The unnecessary talk of distrust in the government is just a prelude to the elections

Votes of no confidence during the Czech presidency of the EU Council are particularly popular. As part of the previous one in 2009, no confidence was really expressed for the first and last time, and it surprised everyone at the time, including Jiří Paroubek, who initiated the vote. He was so shocked that he never recovered and this “success” was ultimately the beginning of the end for him in politics.

This time, too, the no-confidence vote for the head of the opposition, Andrej Babiš, is a welcome opportunity to draw attention to himself before the upcoming municipal elections, which await us in three weeks. And let’s not forget that Babiš is still considering a presidential candidacy, although rumors are already circulating in Prague that he does not dare to run for it.

But compared to the vote thirteen years ago, Babiš’s effort has no hope of success. The current coalition has a comfortable majority, and even the Pirates, who joined Babiš’s criticism of the appointment of Petr Mlejenko as head of intelligence, refused to speak out against the government. There is no longer any reason when Mlejnek himself resigned. Even energy prices, which Babiš named among the reasons justifying the vote against the government, are no longer rising, but on the contrary have fallen.

So the whole reason for the show was gone before it even started. Which is typical for a vote of no confidence. As well as the questionable acting of the main actors. Although Babiš took to the parliamentary desk with vigor, he soon ran out of juice just as he was talking about the energy armageddon. He babbled nonsensically about the fact that he was “raising the price of beer that belongs to a Japanese company”, and his speech also included “gender toilets”, which are said to be evidence of the loss of our sovereignty.

He also fully enjoyed his immunity, which gives him the right to say whatever he wants behind the lectern of Parliament. According to him, Minister of the Interior Vít Rakušan is a “representative of organized crime”, Petr Mlejnek is a “corrupter” and STAN is a “corrupt gang of robbers”. If a “normal mortal” without an entrance card to the House of Commons said this, he would end up in court.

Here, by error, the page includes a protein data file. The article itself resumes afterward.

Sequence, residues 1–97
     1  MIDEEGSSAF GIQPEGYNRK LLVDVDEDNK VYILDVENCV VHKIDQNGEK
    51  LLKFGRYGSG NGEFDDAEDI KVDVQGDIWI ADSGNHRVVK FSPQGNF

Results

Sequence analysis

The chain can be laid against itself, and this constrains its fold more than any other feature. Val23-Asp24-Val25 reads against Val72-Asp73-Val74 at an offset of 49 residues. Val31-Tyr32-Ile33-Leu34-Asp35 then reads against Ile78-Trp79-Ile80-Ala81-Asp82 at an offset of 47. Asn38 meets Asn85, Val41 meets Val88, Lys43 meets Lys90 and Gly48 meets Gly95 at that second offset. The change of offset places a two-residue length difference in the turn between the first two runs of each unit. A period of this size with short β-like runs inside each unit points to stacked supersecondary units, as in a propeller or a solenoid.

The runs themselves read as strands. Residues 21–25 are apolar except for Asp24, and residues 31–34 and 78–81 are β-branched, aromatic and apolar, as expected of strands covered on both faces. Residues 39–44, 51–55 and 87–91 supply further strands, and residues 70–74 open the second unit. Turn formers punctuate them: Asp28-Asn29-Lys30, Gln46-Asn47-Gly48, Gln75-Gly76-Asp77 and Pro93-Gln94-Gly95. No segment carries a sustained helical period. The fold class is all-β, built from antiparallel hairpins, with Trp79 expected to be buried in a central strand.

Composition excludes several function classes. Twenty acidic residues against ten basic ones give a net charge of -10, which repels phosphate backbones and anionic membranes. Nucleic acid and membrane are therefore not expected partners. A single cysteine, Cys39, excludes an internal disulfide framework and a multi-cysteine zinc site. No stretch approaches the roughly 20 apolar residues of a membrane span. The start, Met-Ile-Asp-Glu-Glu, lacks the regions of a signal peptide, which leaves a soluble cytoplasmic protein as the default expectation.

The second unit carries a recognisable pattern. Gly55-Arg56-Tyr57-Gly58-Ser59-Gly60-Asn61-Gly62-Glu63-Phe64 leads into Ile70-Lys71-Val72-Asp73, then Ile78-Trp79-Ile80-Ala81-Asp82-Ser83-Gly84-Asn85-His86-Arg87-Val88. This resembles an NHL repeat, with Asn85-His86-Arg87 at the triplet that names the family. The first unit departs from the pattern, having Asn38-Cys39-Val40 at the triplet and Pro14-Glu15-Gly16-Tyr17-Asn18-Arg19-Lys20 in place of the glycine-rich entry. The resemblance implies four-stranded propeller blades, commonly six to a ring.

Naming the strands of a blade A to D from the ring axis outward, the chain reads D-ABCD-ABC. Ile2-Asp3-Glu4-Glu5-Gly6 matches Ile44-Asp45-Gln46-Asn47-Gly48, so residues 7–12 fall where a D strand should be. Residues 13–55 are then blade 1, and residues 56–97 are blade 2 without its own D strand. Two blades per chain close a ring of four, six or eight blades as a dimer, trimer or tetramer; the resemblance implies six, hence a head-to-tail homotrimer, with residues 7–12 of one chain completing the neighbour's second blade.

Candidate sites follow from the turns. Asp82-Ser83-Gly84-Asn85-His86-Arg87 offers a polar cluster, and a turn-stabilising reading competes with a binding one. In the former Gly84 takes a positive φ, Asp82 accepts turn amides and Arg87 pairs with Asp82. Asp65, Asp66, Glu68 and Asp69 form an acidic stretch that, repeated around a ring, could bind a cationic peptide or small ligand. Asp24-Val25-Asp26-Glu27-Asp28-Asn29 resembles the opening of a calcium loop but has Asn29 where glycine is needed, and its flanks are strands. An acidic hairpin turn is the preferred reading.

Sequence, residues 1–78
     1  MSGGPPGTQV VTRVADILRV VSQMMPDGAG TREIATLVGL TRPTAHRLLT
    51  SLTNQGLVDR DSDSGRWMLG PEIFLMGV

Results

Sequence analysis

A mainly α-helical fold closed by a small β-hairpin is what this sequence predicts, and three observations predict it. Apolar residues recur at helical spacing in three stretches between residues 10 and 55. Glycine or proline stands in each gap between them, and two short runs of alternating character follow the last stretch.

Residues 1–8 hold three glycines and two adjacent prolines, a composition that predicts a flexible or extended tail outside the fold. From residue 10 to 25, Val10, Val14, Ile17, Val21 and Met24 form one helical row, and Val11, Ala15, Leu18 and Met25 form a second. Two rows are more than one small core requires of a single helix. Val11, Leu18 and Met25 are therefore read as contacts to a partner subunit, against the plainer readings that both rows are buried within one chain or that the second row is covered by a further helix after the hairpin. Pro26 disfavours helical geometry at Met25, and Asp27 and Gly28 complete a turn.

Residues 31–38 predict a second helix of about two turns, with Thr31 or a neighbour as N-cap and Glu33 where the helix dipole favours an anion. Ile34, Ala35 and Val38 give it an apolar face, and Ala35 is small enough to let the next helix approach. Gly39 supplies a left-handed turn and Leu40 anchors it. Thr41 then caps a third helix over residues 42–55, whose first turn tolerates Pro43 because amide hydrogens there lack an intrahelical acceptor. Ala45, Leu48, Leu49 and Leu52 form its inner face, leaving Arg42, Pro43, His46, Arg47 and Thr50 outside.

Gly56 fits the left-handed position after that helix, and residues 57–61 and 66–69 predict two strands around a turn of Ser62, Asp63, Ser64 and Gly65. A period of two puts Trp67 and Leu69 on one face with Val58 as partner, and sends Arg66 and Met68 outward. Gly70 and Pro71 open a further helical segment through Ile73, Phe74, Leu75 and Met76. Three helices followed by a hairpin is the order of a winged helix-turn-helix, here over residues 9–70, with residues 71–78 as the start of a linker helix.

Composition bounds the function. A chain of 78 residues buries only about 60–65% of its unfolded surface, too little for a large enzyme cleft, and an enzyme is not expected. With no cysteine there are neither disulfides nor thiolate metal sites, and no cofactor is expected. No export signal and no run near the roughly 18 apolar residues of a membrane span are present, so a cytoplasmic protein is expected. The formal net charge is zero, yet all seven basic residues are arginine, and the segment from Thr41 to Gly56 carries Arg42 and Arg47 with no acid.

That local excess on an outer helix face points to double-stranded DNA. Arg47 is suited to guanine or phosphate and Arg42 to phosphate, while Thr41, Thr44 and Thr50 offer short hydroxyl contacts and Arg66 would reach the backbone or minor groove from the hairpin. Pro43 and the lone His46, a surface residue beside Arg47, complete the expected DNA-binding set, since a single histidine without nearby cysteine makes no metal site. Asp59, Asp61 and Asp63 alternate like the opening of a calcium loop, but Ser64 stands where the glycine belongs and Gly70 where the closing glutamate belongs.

Prime Minister Petr Fiala, in turn, began to defend himself by reading potato price tags, until it looked as if the last promotional leaflet of the retail chain had arrived in the Chamber of Deputies. Nothing stupid came out of the two politicians, although they both spoke for more than an hour. At the same time, the most important thing that politicians should devote time to right now was marginal during the entire session of the Chamber. And that is the question of how the Czechia will survive the coming winter. Especially with such a Minister of Industry and Trade, who is used to not communicating with businessmen, political colleagues and the public, and presents his legislative proposals in the form of unfinished sentences with typos.

Tyjatr with a vote of no confidence just overshadows the solution to the problems. At the same time, its activation is very simple, which explains its popularity among the opposition. Only fifty MPs are needed to call a vote. A higher quorum could prevent the abuse of this institution in the future, but to change the constitution, 120 deputies and a three-fifths majority of the senators present must be obtained.

The article is in Czech

Tags: unnecessary talk distrust government prelude elections

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